- Los Angeles-based machining parts start-up Hadrian Automation raised $90 million in a new round of funding led by venture firms Lux Capital and Andreessen Horowitz.
- The company is working to build largely automated factories to transform the aerospace supply chain.
- “We’ve launched Factory #1 and proven that we can produce space and defense parts 10 times faster and more efficient than anybody else,” Hadrian founder and CEO Chris Power told CNBC.
Machine-parts start-up Hadrian Automation raised $90 million in a new round of funding led by venture firms Lux Capital and Andreessen Horowitz, as the company works to build largely-automated factories to transform the aerospace supply chain.
“We’ve launched Factory #1 and proven that we can produce space and defense parts 10 times faster and more efficient than anybody else,” Hadrian founder and CEO Chris Power told CNBC.
The fundraise marks Hadrian’s second round of capital. Other investors in the round included Lachy Groom, Caffeinated Capital, Founders Fund, Construct Capital and 137 Ventures. Power declined to specify Hadrian’s exact valuation after the raise, but said it is between $200 million and $1 billion.
Los Angeles-based Hadrian is also adding Lux Capital partner Brandon Reeves and Andreessen Horowitz partner Katherine Boyle to the company’s board. Boyle said Hadrian’s ability to scale its approach is a key reason behind Andreessen Horowitz’s investment.
“The pace at which they’ve been able to build factories has just been extraordinary,” Boyle told CNBC.
Some of Hadrian’s new funds will go toward building Factory #2, which is planned to be nearly 100,000 sq. ft. in Torrance, California, near its current factory in Hawthorne, said Power, the CEO. The company aims to launch the Torrance factory by August, while continuing to hire quickly. Hadrian, which had six employees less than a year ago and 40 people today, expects to have about 120 employees by the end of this year, Power added.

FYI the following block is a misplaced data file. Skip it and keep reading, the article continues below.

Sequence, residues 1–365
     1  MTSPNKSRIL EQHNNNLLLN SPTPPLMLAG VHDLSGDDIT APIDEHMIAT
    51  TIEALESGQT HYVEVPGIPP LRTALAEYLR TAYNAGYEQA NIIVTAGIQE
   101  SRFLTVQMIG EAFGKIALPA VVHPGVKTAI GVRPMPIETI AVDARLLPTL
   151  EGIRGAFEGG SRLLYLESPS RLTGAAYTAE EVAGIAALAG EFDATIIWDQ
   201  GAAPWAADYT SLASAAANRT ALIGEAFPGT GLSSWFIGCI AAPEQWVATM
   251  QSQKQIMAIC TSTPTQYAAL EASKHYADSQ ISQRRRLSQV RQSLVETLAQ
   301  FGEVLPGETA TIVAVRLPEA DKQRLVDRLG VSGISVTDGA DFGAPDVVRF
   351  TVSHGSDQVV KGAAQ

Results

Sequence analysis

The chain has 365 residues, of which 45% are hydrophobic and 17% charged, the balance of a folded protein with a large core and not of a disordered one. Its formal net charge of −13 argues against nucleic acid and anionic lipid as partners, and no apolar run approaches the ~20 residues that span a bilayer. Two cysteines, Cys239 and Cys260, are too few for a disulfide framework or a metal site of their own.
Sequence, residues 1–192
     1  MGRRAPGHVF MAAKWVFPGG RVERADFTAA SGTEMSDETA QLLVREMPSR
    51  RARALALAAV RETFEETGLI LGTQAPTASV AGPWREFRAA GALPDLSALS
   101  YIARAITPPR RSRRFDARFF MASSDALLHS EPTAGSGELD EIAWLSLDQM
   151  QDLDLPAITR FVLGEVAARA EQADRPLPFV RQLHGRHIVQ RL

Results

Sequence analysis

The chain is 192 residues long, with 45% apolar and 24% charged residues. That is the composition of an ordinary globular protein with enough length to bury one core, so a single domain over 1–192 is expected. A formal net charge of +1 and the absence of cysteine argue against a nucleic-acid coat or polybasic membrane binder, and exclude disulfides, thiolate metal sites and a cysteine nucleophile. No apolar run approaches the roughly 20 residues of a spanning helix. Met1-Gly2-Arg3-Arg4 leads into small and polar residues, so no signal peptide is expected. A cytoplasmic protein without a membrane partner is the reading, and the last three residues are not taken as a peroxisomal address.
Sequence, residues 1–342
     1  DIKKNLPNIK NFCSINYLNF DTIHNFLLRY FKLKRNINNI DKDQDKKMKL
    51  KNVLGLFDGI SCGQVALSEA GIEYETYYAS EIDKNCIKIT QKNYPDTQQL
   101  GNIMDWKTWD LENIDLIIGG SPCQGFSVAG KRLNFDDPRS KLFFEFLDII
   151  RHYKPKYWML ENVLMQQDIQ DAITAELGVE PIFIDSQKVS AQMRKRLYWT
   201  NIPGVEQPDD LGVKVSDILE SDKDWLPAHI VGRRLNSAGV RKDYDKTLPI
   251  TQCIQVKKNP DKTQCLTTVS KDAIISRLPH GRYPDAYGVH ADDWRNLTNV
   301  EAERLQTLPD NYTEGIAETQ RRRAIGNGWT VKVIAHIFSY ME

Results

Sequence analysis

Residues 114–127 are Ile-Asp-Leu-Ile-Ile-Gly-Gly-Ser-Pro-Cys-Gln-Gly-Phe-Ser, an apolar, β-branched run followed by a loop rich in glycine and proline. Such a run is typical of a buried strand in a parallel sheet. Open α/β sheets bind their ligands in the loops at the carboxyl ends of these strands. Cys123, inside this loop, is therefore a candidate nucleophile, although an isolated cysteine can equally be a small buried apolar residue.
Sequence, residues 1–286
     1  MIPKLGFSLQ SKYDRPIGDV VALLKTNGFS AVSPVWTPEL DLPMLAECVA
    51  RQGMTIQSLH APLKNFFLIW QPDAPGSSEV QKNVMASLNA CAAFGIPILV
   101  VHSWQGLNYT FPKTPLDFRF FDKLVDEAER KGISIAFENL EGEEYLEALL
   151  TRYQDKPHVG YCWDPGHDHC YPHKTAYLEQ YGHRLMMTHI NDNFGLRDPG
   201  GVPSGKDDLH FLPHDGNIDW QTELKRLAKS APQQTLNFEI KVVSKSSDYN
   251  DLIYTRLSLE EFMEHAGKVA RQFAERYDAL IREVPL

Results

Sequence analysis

Hadrian has three customers. Power didn’t disclose the companies but specified that the current customers all build rockets and satellites, for which Hadrian is manufacturing aluminum components. The company aims to expand its component offering into steels and other hard metals shortly.
“We’re not setting up factories that are like manufacturing lines – we’re building an abstract factory that you can drop any part into and it comes out the other side … as long as it fits within a certain size or certain material that we support, we can make anything within that,” Power said.
Hadrian is looking to centralize a supply chain that’s fragmented among suppliers who are spread across the country. Citing her firm’s experience investing in aerospace and defense companies, Boyle added that the current supply chain depends on “thousands of mom-and-pop machine shops” across the country. Hardware and aerospace companies often complain about this, she said.
Power estimated that there are about 3,000 of these small machine shops, which in aggregate generate about $40 billion in revenue a year manufacturing high-precision components for aerospace and defense companies.
Lux Capital partner Josh Wolfe further emphasizes that these components “are not proprietary company” but vary widely in demand, from “bespoke custom” parts to “large batches.”
As many as 2.1 million manufacturing jobs are set to be unfilled by 2030, according to a study released last year by Deloitte and The Manufacturing Institute. Additionally, the average age of machinists is climbing, Boyle said, a key pressure on the labor shortage.
“The average age of many machinists is now in the mid-50s, and many are reaching this point where they’re retiring or the shops are going to be turned over to the next generation,” Boyle said. “There is this question of: Who’s going to take over those shops and who’s going to be able to continue on supplying the defense industrial base?”
Boyle added that a secondary theme in the machining labor market is that Hadrian’s automation approach “creates jobs for a new generation of machinist.”
“There are labor shortages across high-skilled trades,” Boyle said.
Hadrian is addressing this with an approach that allows the company to hire employees as machinists “who have never made a part before,” Power said. He cited examples of hires Hadrian has made from Chick-Fil-A or Walmart, with no prior experience manufacturing parts.
“We’re getting to a point where they’re making spaceflight hardware within 30 days of joining Hadrian,” Power said.
Hadrian is pairing those newly minted machinists with those who have extensive experience in the field or in software, having hired talent from the likes of Meta, Stripe, SpaceX, and others.
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